Franklin D Roosevelt's Influence On War

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For over a decade Franklin Delano Roosevelt led the America people, through the nation’s worst economic collapse and against authoritarian regimes that encapsulated the world in its second, and bloodiest, war. The only President to ever be elected to four consecutive terms, Roosevelt’s political success and immense popularity left a mark on the United States, though some authors contend his legacy is far from unblemished. A controversial figure, not only for his domestic policies but more importantly for his initial role in the Second World War, Roosevelt never wrote an autobiography and as such his role in shaping the nation in the 20th century has been a matter of scrutiny for historians and political theorists alike, and as Kissinger points …show more content…
However, this same relationship shows how Roosevelt’s vision for the American future came into conflict with his duties as President, a negative attribute Kimball implicitly reinforces. While Roosevelt dreams of the United States ascending to a global role and acting as one of the policing states of this new order, he prioritizes this goal for the nation over the isolationist sentiment that is deeply rooted in society and the political landscape. The President understood this and strove to get “the American public ‘involved’ in the war against Hitler. Propaganda, gift programs like Bundles for Britain, war bond campaigns, rationing, and industrial mobilization” were all initiated to achieve Roosevelt’s goal. Thousands of American men would pay the ultimate price to see the “Anglo-American forces liberate Western Europe” because a personal and political relationship between two heads of state ran deeper than a commitment to the American sentiment at the time. Kimball does not paint Roosevelt as a narcissist concerned with his dreams alone, but the emphasis on the relationship the President formed with Churchill over correspondence and in …show more content…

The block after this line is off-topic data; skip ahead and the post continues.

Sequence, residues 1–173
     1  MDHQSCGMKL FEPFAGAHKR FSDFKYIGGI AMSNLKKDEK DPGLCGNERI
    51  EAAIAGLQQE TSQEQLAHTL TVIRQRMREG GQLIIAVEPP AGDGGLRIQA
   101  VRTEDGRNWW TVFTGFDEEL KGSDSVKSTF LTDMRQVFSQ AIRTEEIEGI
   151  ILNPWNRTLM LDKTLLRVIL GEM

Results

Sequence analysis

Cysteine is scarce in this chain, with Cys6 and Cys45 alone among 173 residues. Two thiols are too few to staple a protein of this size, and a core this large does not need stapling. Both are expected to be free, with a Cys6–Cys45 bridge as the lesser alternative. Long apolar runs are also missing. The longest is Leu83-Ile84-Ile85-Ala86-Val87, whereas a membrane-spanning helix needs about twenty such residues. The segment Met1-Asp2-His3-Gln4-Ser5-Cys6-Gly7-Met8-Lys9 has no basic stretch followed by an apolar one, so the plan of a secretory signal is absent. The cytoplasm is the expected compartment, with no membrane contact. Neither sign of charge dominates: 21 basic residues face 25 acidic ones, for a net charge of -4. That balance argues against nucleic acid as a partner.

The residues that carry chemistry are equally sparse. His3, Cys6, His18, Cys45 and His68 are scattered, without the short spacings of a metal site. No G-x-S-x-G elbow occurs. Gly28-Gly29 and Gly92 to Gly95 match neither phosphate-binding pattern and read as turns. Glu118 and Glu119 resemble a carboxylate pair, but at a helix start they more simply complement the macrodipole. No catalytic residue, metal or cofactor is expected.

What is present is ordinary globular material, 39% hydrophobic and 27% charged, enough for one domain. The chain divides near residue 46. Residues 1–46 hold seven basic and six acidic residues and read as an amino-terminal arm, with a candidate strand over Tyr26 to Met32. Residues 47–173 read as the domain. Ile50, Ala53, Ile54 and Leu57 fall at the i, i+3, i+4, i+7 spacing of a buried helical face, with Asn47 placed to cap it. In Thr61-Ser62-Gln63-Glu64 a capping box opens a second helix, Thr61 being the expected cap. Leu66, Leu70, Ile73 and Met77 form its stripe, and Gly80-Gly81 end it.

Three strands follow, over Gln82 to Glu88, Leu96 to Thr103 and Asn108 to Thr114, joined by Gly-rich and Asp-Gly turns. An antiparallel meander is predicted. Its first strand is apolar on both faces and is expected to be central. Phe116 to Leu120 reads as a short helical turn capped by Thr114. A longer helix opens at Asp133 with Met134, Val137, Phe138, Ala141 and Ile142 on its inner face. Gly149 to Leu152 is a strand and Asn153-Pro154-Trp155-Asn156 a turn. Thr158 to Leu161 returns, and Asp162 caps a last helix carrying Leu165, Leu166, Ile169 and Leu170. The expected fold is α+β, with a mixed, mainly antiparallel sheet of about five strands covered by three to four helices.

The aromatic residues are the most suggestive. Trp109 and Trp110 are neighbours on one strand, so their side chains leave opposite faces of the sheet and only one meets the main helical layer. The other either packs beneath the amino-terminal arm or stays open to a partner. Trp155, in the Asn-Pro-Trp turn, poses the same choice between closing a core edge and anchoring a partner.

Gellman at times is harsh on Roosevelt and the manner in which he managed his bureaucracy, primarily with Secretary of State Hull and his Under Secretary Welles, but nevertheless the author identifies positive traits that made the President as successful as he was in foreign affairs. He sees Roosevelt’s strongest characteristic as preparedness, nearly clairvoyance in the face of war and a dynamic political world. Throughout his book and despite his criticism of the President, Gellman states that Roosevelt was no political pushover and had the sensibility to prepare for eventualities. “Roosevelt unquestionably understood those prerequisites for mobilization and moved energetically toward that objective,” and the President not only assembled a fighting force with supplies for foreign invasions, but also worked to persuade the American people. In a matter of months, Roosevelt had won his propagandist battle and “an overwhelming majority of his constituents supported the initiative,” with nearly “70 percent [wanting] the British to win, even at the risk of war.” This marked a dramatic change from the isolationist sentiment that had dominated post World War I, and highlighted the

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